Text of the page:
Don't ask me why but this headline makes me think of Eddie Griffin propelling an Enzo Ferrari into a wall....

    TMFUltraLong

  • Report this Comment On December 13, 2011, at 8:33 AM, DJDynamicNC wrote:

    Hard to argue with the analysis here. Good article.

  • Report this Comment On December 13, 2011, at 1:14 PM, lagunagreg wrote:

    Yes, a very good assessment.

  • Report this Comment On December 13, 2011, at 1:18 PM, rapnjoe wrote:

    Remember that rush to electric cars? It's not happening, Yes my point exactly, the reason is simple everybody in the market for an Electric Vehicle would rather wait to buy the best electric car which is a "Tesla" why else would Tesla be sold out of all 5000 2012 S model's ahead of production and already reserved another 1500 for 2013 production' The rush to Electric cars will not be for a low range Leaf or a half Electric car Volt, or any of the other sad looking Electric cars due out next 2 years by the Fossil automobile Industry, the rush will be for the Tesla model X an affordable Tesla and many more models they plan to release in the future.

    the Roadster and Model S are only Tesla's starting point for low volume entry point to the market, you got to start somewhere.

    I have been driving a Nissan Leaf for 3 months now that I decided to lease to build an experience of Electrification stepping stone for me to buy a future Tesla, and I can tell you from experience once you get used to driving 100% Electric and later you get in a gas car it feels very antiquated hearing all the thumping sounds of a gas car that only makes 22% inefficiency use of its energy.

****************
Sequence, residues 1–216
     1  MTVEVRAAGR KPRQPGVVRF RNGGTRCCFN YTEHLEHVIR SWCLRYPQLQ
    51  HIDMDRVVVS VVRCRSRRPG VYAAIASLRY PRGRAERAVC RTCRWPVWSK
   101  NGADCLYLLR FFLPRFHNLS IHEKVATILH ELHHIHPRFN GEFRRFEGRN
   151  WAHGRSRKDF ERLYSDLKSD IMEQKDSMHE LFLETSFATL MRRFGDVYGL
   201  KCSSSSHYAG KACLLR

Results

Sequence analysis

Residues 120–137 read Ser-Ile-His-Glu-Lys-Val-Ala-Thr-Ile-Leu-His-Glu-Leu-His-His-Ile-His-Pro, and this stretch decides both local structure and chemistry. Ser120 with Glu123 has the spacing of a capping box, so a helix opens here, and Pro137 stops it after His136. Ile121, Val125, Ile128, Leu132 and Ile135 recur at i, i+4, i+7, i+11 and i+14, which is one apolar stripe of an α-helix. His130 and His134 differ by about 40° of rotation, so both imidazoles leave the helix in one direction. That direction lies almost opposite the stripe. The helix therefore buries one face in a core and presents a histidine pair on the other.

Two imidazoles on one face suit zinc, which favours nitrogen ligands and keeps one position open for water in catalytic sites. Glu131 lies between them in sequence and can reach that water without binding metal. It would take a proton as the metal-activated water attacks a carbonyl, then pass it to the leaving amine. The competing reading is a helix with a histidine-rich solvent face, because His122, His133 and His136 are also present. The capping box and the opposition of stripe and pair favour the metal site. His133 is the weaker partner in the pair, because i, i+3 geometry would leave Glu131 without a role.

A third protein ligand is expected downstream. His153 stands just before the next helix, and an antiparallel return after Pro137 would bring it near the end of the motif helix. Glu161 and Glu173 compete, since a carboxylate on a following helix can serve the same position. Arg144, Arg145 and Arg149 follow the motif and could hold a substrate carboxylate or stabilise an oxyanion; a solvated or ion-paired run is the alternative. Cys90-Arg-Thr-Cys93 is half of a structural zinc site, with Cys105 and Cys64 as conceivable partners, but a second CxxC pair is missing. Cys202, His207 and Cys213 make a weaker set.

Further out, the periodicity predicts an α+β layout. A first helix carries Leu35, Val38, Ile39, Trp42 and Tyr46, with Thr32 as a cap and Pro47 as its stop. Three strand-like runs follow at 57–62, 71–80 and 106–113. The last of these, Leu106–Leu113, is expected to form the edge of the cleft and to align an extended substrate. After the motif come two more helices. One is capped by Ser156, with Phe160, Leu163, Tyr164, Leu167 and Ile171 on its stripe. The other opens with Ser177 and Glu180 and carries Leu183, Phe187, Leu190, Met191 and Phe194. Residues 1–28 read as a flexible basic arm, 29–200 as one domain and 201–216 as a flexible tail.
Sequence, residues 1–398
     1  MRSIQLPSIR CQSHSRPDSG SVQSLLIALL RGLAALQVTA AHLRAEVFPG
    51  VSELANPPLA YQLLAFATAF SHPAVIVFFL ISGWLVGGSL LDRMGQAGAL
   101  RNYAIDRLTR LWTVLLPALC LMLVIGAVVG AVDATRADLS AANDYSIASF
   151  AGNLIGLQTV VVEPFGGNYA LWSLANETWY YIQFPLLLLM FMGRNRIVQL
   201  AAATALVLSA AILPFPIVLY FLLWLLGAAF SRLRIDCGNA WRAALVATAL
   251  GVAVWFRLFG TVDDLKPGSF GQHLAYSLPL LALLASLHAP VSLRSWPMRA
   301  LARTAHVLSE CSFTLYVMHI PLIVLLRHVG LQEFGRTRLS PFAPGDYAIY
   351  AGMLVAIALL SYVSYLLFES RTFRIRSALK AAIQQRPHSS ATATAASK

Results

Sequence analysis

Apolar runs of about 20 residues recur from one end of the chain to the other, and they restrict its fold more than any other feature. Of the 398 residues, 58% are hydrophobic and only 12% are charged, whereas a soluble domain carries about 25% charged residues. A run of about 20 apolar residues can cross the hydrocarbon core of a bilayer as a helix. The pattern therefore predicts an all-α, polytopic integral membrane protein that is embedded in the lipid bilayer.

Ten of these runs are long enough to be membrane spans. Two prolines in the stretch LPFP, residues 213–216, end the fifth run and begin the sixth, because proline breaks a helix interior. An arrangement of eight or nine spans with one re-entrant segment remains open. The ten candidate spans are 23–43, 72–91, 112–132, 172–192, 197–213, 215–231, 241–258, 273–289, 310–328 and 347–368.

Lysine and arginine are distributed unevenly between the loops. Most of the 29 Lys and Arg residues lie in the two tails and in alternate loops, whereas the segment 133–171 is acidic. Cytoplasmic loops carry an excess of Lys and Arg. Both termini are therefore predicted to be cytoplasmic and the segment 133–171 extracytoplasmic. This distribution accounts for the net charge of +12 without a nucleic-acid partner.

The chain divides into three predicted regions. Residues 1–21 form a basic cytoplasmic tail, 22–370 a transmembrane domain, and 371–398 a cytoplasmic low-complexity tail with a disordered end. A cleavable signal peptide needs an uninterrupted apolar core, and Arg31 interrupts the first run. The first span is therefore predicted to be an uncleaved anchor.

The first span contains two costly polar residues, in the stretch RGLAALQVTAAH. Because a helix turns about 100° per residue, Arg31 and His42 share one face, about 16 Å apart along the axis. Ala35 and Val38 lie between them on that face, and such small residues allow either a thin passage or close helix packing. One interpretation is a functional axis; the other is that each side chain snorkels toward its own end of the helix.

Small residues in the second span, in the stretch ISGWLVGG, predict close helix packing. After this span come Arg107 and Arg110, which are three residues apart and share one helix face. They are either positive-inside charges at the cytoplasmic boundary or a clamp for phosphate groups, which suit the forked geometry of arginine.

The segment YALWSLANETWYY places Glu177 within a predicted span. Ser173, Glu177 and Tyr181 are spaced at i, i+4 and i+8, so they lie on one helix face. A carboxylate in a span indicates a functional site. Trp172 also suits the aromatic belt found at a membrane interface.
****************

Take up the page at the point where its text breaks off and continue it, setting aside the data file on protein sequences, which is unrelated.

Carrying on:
even if the future is Fuel cell cars Tesla will have its place in them as well because even a fuel cell car has an electric power train and Tesla Power Trains are the best choice, we know this because Toyota and Daimler are already buying them.

  • Report this Comment On December 13, 2011, at 1:51 PM, TMFMarlowe wrote:

    @rapinjoe: I suggest that you learn a little more about the auto business (instead of disparaging it) before you get too attached to that line of argument. If electric cars really do turn out to be the future, and Tesla's products really do turn out to have the magic, I can't see how TM or GM or F or VW or NSANY won't be able to out-Tesla Tesla (meaning, introduce better-executed, lower-cost products with competitive technology) within one or two product cycles -- half a decade, max. Tesla's technological edge isn't something that will be particularly hard to duplicate 3-5 years from now, once battery prices have fallen to a point where a reasonable range is affordable. And remember that each of those companies has resources that dwarf anything Tesla will be able to muster until its sales are well into the millions, and maybe not even then. What does Tesla do when the global giants focus on its niche, crush its margins, and eat its lunch? How does it justify its valuation?

    Answer me that and you'll have an investment case. Not until.

    John Rosevear

  • Report this Comment On December 13, 2011, at 2:15 PM, TMFMarlowe wrote:

    I should amend my last comment to say that I do see a path for Tesla to thrive when that happens. But I wonder what the company's most ardent fans think they see when they confront that question. Mostly I don't think they confront it at all...

    John Rosevear

  • Report this Comment On December 13, 2011, at 2:43 PM, DJDynamicNC wrote: